Despite a sticky start to the season, comprising of three defeats and two draws in the opening five games, Snodin was making a favourable impression. He had struck up an instant friendship with Ian Baird and the two would travel in from the Rotherham area.

“Snod was a class act”, Bairdy told me. “He was the fastest thing on two legs and a great lad who would do anything for you.”

Leeds slowly began to pick up. A decent run had seen them lose just once in seven games going into a League Cup tie away at Walsall. The first leg, at Elland Road, ended 0-0 but United made short work of their opponents at Fellows Park and waltzed into the Third Round with a 3-0 win, (Snodin scored twice).  However, before the following weekend and to the amazement of players and fans, Eddie Gray was relieved of his duties. Snodin had only played 13 times for his new manager and this wasn’t how he envisaged it panning out.

When the board turned to Billy Bremner as Gray’s replacement, Snodin was reunited with his mentor. The new manager wasted little time in making changes after starting his reign with a disappointing defeat at Barnsley.  He ruthlessly ended Peter Lorimer’s distinguished Elland Road career and appointed Ian Snodin as his new captain. It was the ultimate compliment and a clear statement as to how high the new manager rated his number four.

A goal away at Wimbledon was a clear display of what Snodin was all about. Racing through the midfield, into the opposing penalty area, he met Andy Ritchie’s flick-on to slide the ball past an onrushing Dave Beasant to put Leeds 1-0 up.

Football in 1985-86 was not the fashionable, hysteria creating, money making machine that it is today. Amid the backdrop of tragedies at Valley Parade, St Andrews and Heysel, the crumbling terraces were often used as battlegrounds and football was clearly not on the Prime minister, Margaret Thatcher’s agenda. Anybody who wanted to stick the boot into the national game seemed to be given a licence to do so on a regular basis.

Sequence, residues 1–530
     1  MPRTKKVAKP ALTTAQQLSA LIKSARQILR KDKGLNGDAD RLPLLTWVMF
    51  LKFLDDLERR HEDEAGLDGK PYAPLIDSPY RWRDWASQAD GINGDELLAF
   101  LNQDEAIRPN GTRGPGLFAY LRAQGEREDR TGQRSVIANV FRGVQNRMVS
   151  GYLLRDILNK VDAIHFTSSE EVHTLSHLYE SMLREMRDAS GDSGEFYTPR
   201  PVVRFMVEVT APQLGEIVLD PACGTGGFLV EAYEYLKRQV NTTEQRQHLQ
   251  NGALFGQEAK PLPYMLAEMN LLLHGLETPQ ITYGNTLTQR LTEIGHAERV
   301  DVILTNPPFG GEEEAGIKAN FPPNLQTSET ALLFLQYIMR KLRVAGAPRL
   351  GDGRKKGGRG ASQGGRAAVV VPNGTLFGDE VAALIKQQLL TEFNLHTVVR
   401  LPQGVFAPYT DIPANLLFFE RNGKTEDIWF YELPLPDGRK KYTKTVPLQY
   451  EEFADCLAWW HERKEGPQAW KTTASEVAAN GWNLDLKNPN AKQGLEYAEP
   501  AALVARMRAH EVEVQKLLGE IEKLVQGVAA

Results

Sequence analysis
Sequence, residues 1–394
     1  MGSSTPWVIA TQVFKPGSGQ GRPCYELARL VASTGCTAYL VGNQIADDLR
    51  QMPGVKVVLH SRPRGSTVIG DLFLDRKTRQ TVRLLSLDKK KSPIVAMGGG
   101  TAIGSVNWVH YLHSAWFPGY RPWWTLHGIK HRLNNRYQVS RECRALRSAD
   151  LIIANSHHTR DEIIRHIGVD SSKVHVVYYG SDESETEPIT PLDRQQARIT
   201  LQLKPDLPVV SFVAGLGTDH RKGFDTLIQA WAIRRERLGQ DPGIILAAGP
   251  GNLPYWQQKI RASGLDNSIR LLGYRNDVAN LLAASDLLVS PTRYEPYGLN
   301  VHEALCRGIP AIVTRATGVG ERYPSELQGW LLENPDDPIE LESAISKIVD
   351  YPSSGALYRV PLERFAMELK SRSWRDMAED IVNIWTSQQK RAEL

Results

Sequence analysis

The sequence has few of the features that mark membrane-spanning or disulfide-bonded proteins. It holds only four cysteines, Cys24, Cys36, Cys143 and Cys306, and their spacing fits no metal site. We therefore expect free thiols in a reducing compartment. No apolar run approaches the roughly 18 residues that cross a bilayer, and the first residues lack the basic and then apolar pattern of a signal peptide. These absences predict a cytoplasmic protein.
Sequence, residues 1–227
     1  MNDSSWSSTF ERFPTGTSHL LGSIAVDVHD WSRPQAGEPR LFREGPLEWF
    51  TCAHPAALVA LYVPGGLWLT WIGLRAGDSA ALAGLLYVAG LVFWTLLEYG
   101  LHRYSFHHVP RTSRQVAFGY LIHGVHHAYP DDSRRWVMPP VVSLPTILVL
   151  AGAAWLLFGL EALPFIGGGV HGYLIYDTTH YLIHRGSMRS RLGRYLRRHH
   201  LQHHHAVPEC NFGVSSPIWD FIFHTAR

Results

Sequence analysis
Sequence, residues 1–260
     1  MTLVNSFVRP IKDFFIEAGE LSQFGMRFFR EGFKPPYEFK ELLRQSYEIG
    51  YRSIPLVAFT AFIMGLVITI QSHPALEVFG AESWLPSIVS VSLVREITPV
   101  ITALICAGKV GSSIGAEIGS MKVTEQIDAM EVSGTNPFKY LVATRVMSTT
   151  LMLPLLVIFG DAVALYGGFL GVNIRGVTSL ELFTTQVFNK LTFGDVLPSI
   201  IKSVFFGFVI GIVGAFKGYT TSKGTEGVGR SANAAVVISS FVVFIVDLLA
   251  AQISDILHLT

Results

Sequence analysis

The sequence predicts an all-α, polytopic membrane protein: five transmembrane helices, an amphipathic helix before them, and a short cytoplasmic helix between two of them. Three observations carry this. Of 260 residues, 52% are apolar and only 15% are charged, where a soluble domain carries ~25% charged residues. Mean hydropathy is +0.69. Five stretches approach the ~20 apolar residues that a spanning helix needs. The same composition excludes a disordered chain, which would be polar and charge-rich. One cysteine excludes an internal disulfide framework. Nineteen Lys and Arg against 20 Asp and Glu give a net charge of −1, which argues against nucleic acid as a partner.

Sky TVs millions were still years away, as was the internet, hence no rumour sites or social media. Newspapers, which often preferred to bang the negative drum, would provide very few column inches to any positive football news and on top of all that, the Football League was at war with the BBC and ITV over broadcasting rights. As a result, live domestic football was non-existent in the first half of the 1985-86 campaign. However, despite the lack of football presence across the media outlets, it was clear to everyone connected to Leeds United that, after featuring 41 times and weighing in with seven goals (in all competitions) during his first, and only full season at Leeds, Ian Snodin’s stock was rising.